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Don't close off job options prematurely

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Wednesday, Nov. 21, 2012, 12:01 a.m.

Yes, there is one more thing to learn from the recent elections, and it is this: Don't put all your eggs in one basket.

Of course if you're running for president of the United States, it's all or nothing. And putting all your energy and resources into getting the one and only job you want can't be helped.

But for most of us, it is not necessary nor wise to place all hope into getting one particular job. If you do, you may be setting yourself up for one whopper of a letdown.

Unfortunately, most people do the opposite. Folks from all types of professions and at all levels make the mistake of putting their all into one opportunity. Take the senior executive who had an interview with an international firm to run its American operation. On paper, the job fit him perfectly. So perfect was his background and skills for the role, he couldn't picture the company considering anyone but him and he couldn't envision doing any other job.

“It's a no-brainer,” he told me. I begged him: “Please keep in contact with others. Keep other leads alive. Pursue other openings.”

The executive did get an interview for the job he desired. And it came down to him and one other person. But then the criteria for the job changed. The company put the position on hold for months. It's still in limbo. The executive was devastated.

He was so sure he'd get the job, he had not followed up on other leads and now he was back to square one. It took him weeks to get back into the swing of his job-hunting campaign.

For a politician who has been defeated, it's even worse. They suffer an emotional letdown similar to grief, say experts. Referencing Mitt Romney's loss for the job of United States president, Kirk Jowers, a Romney friend, said in a recent New York Times article: ‘”He will be sifting through this for quite a while. The question is when the sifting takes a couple of hours a day instead of being all-consuming.”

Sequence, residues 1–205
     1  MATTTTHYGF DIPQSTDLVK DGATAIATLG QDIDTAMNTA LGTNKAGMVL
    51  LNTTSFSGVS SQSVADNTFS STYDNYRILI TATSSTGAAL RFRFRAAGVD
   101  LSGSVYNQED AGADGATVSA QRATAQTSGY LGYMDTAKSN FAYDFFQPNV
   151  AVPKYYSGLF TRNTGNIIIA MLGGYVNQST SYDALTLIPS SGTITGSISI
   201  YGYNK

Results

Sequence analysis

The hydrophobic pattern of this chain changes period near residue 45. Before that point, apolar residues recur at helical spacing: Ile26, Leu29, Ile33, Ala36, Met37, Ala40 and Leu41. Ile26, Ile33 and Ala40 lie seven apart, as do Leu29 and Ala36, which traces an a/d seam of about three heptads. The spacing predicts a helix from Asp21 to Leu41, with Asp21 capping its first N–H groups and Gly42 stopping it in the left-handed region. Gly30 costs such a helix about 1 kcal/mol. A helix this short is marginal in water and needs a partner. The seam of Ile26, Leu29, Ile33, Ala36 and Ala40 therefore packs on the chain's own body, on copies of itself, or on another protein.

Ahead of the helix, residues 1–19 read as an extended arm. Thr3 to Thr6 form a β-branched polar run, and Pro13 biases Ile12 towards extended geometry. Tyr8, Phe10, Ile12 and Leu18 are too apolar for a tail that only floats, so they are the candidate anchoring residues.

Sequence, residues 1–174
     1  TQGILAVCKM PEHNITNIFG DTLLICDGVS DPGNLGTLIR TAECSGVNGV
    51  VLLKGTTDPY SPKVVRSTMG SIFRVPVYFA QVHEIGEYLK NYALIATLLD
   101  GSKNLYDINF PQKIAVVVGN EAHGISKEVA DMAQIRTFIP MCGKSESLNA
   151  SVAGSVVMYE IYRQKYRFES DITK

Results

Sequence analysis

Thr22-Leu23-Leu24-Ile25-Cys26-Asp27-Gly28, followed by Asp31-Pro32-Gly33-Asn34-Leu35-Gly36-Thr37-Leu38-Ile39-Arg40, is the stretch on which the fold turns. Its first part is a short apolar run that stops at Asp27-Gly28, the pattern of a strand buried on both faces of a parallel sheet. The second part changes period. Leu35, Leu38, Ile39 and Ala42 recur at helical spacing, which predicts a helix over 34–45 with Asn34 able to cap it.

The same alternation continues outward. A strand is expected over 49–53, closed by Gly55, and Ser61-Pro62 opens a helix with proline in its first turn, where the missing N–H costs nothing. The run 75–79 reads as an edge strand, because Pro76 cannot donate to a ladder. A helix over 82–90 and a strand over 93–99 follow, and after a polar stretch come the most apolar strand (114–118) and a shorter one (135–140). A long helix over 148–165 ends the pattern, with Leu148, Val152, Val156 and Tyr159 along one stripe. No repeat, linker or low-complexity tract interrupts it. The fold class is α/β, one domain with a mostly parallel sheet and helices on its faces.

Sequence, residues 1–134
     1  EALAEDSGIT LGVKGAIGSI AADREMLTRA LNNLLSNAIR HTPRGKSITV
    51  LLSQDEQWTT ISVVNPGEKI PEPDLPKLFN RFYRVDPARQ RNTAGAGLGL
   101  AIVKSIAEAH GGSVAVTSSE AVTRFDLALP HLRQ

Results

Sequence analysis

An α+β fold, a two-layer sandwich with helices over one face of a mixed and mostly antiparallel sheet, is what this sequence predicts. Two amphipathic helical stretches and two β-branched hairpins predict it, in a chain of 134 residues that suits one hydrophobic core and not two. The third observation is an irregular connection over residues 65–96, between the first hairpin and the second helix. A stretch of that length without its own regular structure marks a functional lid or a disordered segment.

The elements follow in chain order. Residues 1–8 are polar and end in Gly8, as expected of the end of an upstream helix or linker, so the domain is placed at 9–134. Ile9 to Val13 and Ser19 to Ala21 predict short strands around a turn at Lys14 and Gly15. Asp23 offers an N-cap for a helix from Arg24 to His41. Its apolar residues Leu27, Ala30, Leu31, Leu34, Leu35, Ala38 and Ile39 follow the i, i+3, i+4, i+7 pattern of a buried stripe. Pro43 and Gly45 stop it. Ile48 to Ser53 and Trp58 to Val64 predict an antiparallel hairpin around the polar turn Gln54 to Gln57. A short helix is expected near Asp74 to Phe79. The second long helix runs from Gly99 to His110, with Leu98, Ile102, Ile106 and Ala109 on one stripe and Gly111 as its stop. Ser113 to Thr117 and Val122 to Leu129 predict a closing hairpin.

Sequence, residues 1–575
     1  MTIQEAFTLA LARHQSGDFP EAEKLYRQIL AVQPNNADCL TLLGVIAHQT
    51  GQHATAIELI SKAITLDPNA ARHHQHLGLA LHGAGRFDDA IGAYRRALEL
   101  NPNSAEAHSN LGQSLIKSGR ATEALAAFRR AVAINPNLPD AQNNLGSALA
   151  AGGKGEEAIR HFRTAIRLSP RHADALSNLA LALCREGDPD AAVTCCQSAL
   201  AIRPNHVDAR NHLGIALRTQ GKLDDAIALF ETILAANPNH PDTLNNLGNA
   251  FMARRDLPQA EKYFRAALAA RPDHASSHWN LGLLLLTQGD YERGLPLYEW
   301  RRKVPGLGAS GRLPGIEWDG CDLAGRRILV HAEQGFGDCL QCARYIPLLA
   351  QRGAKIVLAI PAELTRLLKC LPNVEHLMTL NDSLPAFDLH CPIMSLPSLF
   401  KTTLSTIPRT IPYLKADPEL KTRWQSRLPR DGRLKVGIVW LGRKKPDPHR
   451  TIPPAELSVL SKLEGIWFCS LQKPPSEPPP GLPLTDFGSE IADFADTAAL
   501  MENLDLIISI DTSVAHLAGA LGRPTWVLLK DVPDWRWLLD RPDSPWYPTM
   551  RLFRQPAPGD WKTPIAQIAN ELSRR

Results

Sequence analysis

Steve Schmidt, a campaign adviser to Sen. John McCain in 2008, warned, ‘”Losing a presidential campaign is something you never get over. The question is whether you can move forward without bitterness or rancor.'”

Whether you are completely focused on getting a new job or not, you always want to keep the relationship-building momentum going. And if all your energy is going into finding a new job, make sure it's not spent on just one potential opportunity.

You may have had a good-as-good-can-be interview, and it may feel like a sure thing. But here's what could be going on that would deter you from being a shoo-in:

• Your biggest cheerleader might leave the company.

• The company may put the position on hold or eliminate it.

• The company could be evaluating other candidates for months to come.

• An unforeseen external or internal change could change the criteria for the job.

• You may have stiff competition.

While Romney may have other opportunities awaiting him, the rest of us have to keep up the hard work. Even if you think a job is in the bag, keep moving forward as if it may never happen.

Because it just might not.


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